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                • #9
                  Originally posted by stennor View Post
                  Here are some numbers in case you don't already have them. On average, two second cousins share 212 cM. A second cousin, once removed or a half-second cousin would share half of that.

                  In my own family, there's a half-second cousin, and five of us are related to him in the same way, but the shared cM in Family Finder are 91, 121, 128, 145 and 151, and in GEDmatch (using more than one result the cousin has posted) 73, 82, 105, 126, 131, 143, and 171. So our numbers vary from the 106 cM average by -31% to +61%.
                  Hm, that actually sounds about right to what my mom shares with her 2nd cousins. At first, I thought I was reading it all wrong and maybe I had misinterpreted but the numbers don't seem to add up to be a full second-cousin.

                  Originally posted by Börum View Post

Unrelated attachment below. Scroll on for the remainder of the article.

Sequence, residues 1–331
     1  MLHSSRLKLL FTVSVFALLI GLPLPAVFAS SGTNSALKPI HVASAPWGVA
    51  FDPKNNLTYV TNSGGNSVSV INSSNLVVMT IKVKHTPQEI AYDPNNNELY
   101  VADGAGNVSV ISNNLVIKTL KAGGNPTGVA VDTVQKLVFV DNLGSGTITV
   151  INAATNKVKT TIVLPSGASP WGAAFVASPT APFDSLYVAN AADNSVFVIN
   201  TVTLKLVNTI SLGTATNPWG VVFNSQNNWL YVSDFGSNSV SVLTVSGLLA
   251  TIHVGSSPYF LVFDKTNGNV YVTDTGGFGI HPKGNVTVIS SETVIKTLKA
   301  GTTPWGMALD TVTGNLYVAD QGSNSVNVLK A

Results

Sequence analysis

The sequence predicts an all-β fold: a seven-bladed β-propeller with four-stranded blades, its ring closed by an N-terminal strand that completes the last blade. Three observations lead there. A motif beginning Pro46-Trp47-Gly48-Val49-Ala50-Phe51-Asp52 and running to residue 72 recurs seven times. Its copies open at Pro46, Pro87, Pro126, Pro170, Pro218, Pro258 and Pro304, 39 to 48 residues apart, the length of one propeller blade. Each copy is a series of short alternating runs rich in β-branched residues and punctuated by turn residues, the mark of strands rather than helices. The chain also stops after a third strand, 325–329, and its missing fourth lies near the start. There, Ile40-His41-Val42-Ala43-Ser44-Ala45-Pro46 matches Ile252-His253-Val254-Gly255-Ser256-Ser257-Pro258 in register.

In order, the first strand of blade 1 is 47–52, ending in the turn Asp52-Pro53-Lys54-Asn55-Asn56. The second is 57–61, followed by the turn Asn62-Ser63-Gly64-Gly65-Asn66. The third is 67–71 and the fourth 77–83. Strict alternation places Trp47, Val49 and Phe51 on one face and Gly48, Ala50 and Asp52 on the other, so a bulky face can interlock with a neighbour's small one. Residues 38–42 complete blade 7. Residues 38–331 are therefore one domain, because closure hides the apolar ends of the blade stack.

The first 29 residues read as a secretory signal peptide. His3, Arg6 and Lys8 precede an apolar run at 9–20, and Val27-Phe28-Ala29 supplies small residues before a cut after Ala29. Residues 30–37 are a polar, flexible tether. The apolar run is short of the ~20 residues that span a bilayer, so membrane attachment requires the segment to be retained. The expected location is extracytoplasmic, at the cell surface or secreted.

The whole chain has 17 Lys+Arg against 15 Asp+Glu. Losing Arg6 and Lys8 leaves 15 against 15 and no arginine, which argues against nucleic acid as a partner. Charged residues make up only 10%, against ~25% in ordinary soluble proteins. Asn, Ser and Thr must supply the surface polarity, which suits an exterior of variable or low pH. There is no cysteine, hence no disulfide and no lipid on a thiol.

Its great you have tested the paternal side, because for such a complex case, this is the only solid proof. What do you mean by different subclade? If the subclade is different, unless its just one or maximally 2 SNPs difference, this suggests still a different father: Did you check on blocktree how many SNPs are different and how do they compare on the STR test?
                  Originally posted by KATM View Post
                  Do you mean that one is in a subclade of the other's haplogroup, so within the same branch? Could you post the subclades of both, so we can understand better? Did these men both test at FTDNA to get Y-DNA results? Do you know which tests they had done?

                  Sometimes there is a different subclade shown because further testing has been done by one and not the other, but they are in the path of the same main branch. If the other did further testing, you could see if they were in the same subclade.

                  You have found a male descendant of one of your great-grandmother's siblings from the Hall father. If your 2nd great-grandmother (who married Mr. Hall when 6 mos. pregnant) went on to have nine other children by Mr. Hall, including your grandmother and her male siblings, the terminal SNP of the male siblings' sons and their male descendants should be the same, with perhaps some genetic distance in STRs (Y-37, Y-67, etc.). But they may not have done SNP testing; if not, the predicted haplogroups from STR testing should be in the path of the same branch.